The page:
This month, we offer something practical and some down-home vibes, along with healthy recipes from Queen Oprah, and sensuality from a beautiful book on chocolate.
* China – The Cookbook
Authors: Kei Lum Chan & Diora Fong Chan
Weighing in at 720 pages, this is a hefty tome. Any book that tries to cover all of the cuisines of China, including Taiwan, Hong Kong and inner Mongolia, will eventually run out of paper … and this is not an exhaustive book despite the heft. No fault of the book though – Chinese recipes are a neverending story.
Like so many encyclopaedic cookbooks, more content/recipes comes at the price of fewer pictures.
The chapters are organised into courses – like appetisers and salads; fish and seafood; and rice, congee and noodles – instead of by region as is usual in such books, as the book is geared for home cooking. Which is also the reason why daunting recipes such as Peking duck and roast pork have been left out.
Another major difference from most such books is that it is not adapted for a foreign audience or for bedtime reading – it is a pure Chinese recipe book, pig’s entrails and all.
It is rather dry as such, lacking in engaging storytelling, but it is rich as a recipe resource. – Julie Wong
Author: Pierre Hermé
Photographer: Sergio Coimbra
To say that this is a chocolate recipe book by Pierre Hermé is to completely miss the point. This book is chocolate fantasy. By the Picasso of Pastry.
The pages flow like molten lava in waves of chocolate nuances and resonate with the sound and texture of chocolate: thin and crisp, spongy, snappy, powdery, velvety, smooth as silk or full of warts. You really can feel the chocolate expressions across the pages.
That is the work of photographer Sergio Coimbra. The two felt a connection even before they met and planned to work together.
“As if the years I’d spent collecting his books had been part of the trip that had brought us to the time shared in creating this book together,” Coimbra writes.
While chocolate is his mistress – whom he bends to his will – Hermé is held prisoner by it: “To achieve my goals it is I who must bend to adapt to its demands.”
He uses, almost exclusively, Valrhona chocolate. Every chapter explores an emotion or phase of chocolate: “Architectures”, “Mysterious”, “Sensual”, “Voluptuous”, “Euphoric”, “Gourmet”, “Dream”.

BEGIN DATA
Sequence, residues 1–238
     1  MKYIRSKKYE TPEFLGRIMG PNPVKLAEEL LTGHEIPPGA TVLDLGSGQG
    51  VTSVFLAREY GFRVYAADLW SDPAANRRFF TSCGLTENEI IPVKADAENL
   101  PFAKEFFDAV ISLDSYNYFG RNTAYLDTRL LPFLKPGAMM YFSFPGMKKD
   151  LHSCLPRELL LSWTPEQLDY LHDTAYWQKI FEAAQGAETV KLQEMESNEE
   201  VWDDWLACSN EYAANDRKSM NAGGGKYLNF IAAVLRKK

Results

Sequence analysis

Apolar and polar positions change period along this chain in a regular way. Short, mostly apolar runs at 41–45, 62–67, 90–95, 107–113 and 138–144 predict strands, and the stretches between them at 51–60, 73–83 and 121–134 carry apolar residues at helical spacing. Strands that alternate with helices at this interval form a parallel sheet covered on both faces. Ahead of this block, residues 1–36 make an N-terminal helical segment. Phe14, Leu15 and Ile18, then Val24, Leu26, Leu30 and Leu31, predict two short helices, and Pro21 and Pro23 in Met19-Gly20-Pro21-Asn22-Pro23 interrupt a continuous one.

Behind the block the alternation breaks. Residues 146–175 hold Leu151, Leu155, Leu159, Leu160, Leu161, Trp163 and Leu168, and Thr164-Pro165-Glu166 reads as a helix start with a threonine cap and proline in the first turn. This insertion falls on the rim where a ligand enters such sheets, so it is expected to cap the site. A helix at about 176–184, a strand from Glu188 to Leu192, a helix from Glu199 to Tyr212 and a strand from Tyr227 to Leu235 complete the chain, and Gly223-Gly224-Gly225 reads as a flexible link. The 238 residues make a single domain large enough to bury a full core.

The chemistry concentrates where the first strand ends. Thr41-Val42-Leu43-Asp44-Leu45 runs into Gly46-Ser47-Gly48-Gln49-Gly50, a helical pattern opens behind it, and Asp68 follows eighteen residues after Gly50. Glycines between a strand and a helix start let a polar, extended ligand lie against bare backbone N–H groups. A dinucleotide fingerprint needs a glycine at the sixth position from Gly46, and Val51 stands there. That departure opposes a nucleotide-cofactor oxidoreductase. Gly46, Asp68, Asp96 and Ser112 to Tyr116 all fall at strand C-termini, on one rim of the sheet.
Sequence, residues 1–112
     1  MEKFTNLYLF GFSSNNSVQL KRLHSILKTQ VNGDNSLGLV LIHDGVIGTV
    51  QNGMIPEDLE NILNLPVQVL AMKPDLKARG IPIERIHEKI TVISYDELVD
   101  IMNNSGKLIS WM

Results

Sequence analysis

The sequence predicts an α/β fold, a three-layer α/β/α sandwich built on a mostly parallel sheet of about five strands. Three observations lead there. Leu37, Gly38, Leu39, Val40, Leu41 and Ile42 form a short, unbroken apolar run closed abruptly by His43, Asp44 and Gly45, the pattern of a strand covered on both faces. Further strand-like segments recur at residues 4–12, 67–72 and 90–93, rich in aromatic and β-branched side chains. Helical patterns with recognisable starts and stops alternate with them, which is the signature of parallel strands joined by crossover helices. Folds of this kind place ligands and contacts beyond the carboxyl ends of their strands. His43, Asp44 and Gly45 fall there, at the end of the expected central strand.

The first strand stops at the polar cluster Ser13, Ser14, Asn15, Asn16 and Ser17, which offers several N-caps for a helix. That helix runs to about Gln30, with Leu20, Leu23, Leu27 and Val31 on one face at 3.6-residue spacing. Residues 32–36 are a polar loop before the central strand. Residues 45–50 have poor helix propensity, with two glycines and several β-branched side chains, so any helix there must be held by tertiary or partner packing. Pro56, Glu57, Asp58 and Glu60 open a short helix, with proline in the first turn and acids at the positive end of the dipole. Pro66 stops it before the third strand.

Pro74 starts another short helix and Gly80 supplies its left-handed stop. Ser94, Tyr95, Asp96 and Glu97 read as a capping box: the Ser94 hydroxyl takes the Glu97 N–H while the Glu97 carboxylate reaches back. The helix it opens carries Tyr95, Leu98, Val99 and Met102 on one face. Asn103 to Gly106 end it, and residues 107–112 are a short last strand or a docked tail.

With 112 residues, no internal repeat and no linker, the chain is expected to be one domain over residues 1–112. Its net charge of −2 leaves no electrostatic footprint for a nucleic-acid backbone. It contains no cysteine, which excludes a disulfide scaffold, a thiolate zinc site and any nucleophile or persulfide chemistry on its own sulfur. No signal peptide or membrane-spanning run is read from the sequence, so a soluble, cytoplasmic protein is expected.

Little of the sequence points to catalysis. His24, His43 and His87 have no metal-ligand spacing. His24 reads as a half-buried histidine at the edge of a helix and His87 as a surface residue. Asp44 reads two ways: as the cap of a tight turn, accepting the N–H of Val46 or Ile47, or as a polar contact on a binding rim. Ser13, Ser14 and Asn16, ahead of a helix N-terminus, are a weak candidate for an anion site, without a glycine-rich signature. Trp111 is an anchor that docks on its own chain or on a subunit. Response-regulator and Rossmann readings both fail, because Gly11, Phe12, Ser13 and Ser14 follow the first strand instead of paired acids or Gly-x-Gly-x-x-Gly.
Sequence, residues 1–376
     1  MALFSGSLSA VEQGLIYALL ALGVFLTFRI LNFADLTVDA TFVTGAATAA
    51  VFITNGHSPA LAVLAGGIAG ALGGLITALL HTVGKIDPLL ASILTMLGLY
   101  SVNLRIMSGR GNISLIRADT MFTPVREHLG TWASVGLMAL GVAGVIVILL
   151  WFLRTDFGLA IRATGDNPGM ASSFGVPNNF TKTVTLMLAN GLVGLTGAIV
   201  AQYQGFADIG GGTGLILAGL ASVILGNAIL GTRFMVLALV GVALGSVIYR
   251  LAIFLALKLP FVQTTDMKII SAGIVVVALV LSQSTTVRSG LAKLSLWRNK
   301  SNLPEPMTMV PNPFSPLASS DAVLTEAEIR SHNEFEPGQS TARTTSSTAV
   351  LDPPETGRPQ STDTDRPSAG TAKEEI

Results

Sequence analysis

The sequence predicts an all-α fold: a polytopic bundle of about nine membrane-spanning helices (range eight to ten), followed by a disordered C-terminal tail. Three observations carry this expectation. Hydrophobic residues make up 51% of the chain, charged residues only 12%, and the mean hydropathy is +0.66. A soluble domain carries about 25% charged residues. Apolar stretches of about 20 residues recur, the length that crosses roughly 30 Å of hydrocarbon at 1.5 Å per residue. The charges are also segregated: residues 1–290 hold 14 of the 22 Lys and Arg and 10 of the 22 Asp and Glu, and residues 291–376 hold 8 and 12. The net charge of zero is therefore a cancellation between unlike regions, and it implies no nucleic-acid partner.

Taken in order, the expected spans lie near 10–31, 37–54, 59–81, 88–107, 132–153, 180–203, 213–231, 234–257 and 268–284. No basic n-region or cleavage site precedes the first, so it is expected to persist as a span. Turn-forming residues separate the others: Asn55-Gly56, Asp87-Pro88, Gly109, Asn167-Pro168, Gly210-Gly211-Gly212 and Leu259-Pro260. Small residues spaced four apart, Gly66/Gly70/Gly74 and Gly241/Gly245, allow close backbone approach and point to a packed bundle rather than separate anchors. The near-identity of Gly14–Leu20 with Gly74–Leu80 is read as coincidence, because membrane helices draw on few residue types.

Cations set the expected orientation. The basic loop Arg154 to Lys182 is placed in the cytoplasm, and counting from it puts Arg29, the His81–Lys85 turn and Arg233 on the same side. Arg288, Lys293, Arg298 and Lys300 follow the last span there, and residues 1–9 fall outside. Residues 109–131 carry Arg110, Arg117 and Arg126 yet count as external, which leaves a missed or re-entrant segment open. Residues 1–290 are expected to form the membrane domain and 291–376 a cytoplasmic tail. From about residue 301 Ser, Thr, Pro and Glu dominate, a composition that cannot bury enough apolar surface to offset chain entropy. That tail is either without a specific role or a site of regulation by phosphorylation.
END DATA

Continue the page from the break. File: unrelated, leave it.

“Architecture” is an encounter between sculpture and flavour. “The format and the perception of flavour are inextricably linked,” he tells you.
“Whatever architecture of taste I have in mind, my goal is to create something very good, something that stirs the emotions.”
It is, in the end, a book rippling with sensuality. Maybe you will cook from it – if you can read it. Setting coloured text on a coloured page does not make for easy reading. – JW
* Food, Health And Happiness: 115 On-Point Recipes For Great Meals And A Better Life
Author: Oprah Winfrey
Publisher: Flatiron Books
This is one of those books that will probably inspire the question “Is there anything Oprah Winfrey can’t do?”
In her debut cookbook, the award-winning talk show host, philanthropist, magazine publisher, actress and all-round superhero proves that she can also cook – well.
Winfrey (who is now following the Weight Watchers programme) is on-key, delivering relevant recipes that are tuned for this generation’s obsession with healthy eating and clean living.
All the recipes include information about calories (which is very useful if you’re looking for low-calorie meals) as well as the WeightWatchers point system rating.
You’ll find delicious recipes from Winfrey’s chef friends like Maya Angelou’s smothered chicken, Art Smith’s world-famous fried chicken as well as loads of recipes from Winfrey’s own arsenal, like barbecue chicken, kale and farro soup, breakfast cookies and a really delectable-looking turkey lasagne.
The charming chapter introductions also give you additional insight into a woman who has struggled with her weight and food for years now, which makes her seem very relatable, because her weight complexities echo most people’s food challenges.
But whether you’re a Winfrey fan or not, this is a great cookbook to add to your library, if you’re angling to churn out delicious, healthy meals on a regular basis. – Abirami Durai
* Molly On The Range: Recipes And Stories From An Unlikely Life On A Farm
Author: Molly Yeh
Molly Yeh is a food blogger and food writer who lives on a farm on the North Dakota-Minnesota border in the United States.
She’s a Juilliard graduate (with a degree in classical percussion) who fell in love with a trombonist … who turned into a farmer.
Yeh is very likeable. The book is permeated with a sense of that combination of wry, urban sensibilities, down-home charm and irreverent humour that makes My Name Is Yeh (Saveur’s 2015 Blog of the Year) so popular. More than anything else, though, this is a book riddled with joy.
Molly On The Range is the story of a life told through food, from a Chicago childhood of Lunchables to meeting and dating husband Nick over many, many egg dishes, and some wince-worthy first-date hummus.
Her recipes are intriguing and extremely achievable – Asian Scotch Eggs and Scallion Pancakes with Maple Syrup Slaw are nods to her Jewish-Chinese background; Wild Rice Hotdish with Ras el Hanout and Dates is a twist on Midwestern comfort food; and Dukkah Donuts with Blood Orange Glaze are as quirky as her stories.
Yeh’s recipes, which she photographs and styles herself, look plain delicious. Honestly, the Kale Khachapuri alone – cheesy bread from Georgia, studded with an egg, to which Yeh adds kale and tangy labneh – nearly had me running for the kitchen. – Suzanne Lazaroo